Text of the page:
One of the most illustrious groups of 19th Century American piano manufacturers was that of Adam Stodart, J. B. Dunham and Horatio Worcester.
Adam Stodart: William Adam Stodart was the son (or possibly nephew) of English piano maker Robert Stodart. “William Stodart” is first listed as a music store owner in Richmond, VA in 1818 where he sold music publications of New York’s William Dubois. In 1819, he moved to New York City as “Adam Stodart” and began importing and selling instruments built by his relatives in London.
Dubois & Stodart: In 1822, Stodart entered partnership with William Dubois, establishing the firm of “Dubois & Stodart”. Dubois & Stodart operated a successful music store and small piano manufactory until the partnership was dissolved in 1834.
Stodart & Currier: In 1835, Stodart joined Nathaniel Currier in a lithography business, producing sheet music under the firm of “Stodart & Currier”. This partnership was short-lived and was dissolved in 1836.
Stodart, Worcester & Dunham: In 1836, Adam Stodart went into partnership with John B. Dunham and Horatio Worcester to organize the firm of “Stodart, Worcester & Dunham”. The firm built superior square grand pianos and was quite successful. Stodart, Worcester & Dunham enjoyed a steller reputation in the American Piano Industry until Worcester withdrew in 1844.
Stodart & Dunham: In 1844, Horatio Worcester withdrew from the firm of “Stodart, Worcester & Dunham” and the company was reorganized as “Stodart & Dunham”. Stodart & Dunham continued to enjoy great success until J. B. Dunham withdrew from the partnership in 1849.
Stodart & Company: In 1850, Adam Stodart headed his own firm as “Stodart & Company”. Though still successful, Stodart & Company built pianos in smaller numbers than previous partnerships, indicating that his firm had scaled down operations considerably from its previous grandeur.
Stodart & Morris: In 1856, Adam Stodart went into partnership with Charles M. Morris, forming the firm of “Stodart & Morris”. Stodart & Morris continued to build well-made instruments, primarily square grand pianos. Adam Stodart retired in about 1870 at which time Morris took full control.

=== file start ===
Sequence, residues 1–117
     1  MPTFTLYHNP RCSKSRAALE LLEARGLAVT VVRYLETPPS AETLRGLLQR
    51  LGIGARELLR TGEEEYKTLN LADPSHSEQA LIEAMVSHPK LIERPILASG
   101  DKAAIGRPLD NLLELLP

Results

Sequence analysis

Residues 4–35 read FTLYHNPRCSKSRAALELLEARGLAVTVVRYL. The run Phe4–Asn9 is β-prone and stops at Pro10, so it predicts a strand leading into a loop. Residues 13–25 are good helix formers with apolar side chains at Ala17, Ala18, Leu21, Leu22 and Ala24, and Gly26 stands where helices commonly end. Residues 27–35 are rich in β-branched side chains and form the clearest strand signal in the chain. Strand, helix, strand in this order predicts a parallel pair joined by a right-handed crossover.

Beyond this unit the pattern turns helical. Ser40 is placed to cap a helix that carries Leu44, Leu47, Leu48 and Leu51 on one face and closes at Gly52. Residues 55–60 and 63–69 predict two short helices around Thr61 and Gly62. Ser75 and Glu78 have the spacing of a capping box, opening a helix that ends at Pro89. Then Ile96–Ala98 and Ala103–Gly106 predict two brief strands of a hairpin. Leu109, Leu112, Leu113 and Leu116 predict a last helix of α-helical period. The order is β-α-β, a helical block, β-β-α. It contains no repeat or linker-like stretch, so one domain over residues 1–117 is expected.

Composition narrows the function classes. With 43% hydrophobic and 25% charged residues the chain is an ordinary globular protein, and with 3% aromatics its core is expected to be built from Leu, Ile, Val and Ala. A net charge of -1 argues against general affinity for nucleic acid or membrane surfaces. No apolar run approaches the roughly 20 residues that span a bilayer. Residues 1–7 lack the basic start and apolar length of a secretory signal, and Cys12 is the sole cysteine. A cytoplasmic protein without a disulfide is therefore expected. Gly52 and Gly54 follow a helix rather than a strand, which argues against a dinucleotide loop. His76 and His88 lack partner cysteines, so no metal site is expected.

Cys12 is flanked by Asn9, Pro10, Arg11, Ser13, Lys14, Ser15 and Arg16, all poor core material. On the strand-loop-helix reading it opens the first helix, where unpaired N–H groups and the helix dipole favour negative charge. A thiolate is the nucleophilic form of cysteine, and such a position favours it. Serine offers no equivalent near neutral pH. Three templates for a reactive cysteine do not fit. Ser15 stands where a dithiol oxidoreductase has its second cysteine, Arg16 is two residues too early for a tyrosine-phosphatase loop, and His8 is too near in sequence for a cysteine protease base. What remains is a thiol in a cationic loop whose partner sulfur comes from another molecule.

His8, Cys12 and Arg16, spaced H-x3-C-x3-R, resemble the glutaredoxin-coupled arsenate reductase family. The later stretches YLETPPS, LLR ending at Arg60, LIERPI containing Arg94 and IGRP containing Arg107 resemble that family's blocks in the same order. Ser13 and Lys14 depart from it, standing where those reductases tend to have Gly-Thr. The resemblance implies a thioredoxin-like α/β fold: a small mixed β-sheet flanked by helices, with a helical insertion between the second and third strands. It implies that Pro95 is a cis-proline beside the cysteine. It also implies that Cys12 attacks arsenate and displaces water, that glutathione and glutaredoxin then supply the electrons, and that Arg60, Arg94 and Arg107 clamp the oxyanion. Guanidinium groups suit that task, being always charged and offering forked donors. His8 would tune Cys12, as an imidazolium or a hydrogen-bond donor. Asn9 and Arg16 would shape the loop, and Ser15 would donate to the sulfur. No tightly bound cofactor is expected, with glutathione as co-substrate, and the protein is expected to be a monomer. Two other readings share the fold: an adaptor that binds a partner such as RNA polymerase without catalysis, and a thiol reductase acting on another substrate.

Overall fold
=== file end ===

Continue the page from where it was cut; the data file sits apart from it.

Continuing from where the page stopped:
Stodart’s Piano Forte: In 1872, the firm was taken over by David Stanford and reorganized as “Stodart’s Piano Forte”. David Stanford continued to operate the firm as “Stodart’s Piano Forte” until going out of business in about 1875.
Stodart Piano Company: After 1875, the prestigious “Stodart” brand name went through a vague trail of transfers and ownerships. In 1892, “The Stodart Piano Company” was registered with trademark in New York City. The firm was located at Southern Boulevard and Trinity Avenue. The Stodart Piano Company built a full line of upright pianos and baby grand pianos, adding player pianos to their line after the turn of the century. By about 1910, the Stodart Piano Company was one of the largest makers of upright player pianos in New York City, and their pianos were distributed around the country. Stodart pianos were known to be very well made, durable pianos and were sold at affordable prices. By about 1920, The Jacob Doll Piano Company took control of Stodart.
Sadly, after a long and celebrated history, the Stodart name was discontinued in 1931 when The Jacob Doll Piano Company went out of business due to The Great Depression.
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